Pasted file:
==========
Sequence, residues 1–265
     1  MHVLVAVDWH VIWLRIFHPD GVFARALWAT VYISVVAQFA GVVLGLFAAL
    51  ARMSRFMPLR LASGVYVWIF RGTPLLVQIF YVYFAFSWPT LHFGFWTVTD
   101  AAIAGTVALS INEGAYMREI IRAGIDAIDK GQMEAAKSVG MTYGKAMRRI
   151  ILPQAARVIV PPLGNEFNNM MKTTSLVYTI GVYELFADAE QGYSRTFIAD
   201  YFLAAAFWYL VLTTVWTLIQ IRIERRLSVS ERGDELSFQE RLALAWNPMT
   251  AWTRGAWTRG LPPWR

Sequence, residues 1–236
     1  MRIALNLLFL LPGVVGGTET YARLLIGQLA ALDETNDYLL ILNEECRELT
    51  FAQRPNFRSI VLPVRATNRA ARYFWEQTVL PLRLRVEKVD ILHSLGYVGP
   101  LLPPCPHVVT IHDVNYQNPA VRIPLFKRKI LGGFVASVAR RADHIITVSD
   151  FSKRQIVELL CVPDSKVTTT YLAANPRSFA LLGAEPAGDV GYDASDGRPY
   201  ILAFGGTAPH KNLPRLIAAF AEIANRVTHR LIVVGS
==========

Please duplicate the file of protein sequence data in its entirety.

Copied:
Sequence, residues 1–265
     1  MHVLVAVDWH VIWLRIFHPD GVFARALWAT VYISVVAQFA GVVLGLFAAL
    51  ARMSRFMPLR LASGVYVWIF RGTPLLVQIF YVYFAFSWPT LHFGFWTVTD
   101  AAIAGTVALS INEGAYMREI IRAGIDAIDK GQMEAAKSVG MTYGKAMRRI
   151  ILPQAARVIV PPLGNEFNNM MKTTSLVYTI GVYELFADAE QGYSRTFIAD
   201  YFLAAAFWYL VLTTVWTLIQ IRIERRLSVS ERGDELSFQE RLALAWNPMT
   251  AWTRGAWTRG LPPWR

Sequence, residues 1–236
     1  MRIALNLLFL LPGVVGGTET YARLLIGQLA ALDETNDYLL ILNEECRELT
    51  FAQRPNFRSI VLPVRATNRA ARYFWEQTVL PLRLRVEKVD ILHSLGYVGP
   101  LLPPCPHVVT IHDVNYQNPA VRIPLFKRKI LGGFVASVAR RADHIITVSD
   151  FSKRQIVELL CVPDSKVTTT YLAANPRSFA LLGAEPAGDV GYDASDGRPY
   201  ILAFGGTAPH KNLPRLIAAF AEIANRVTHR LIVVGS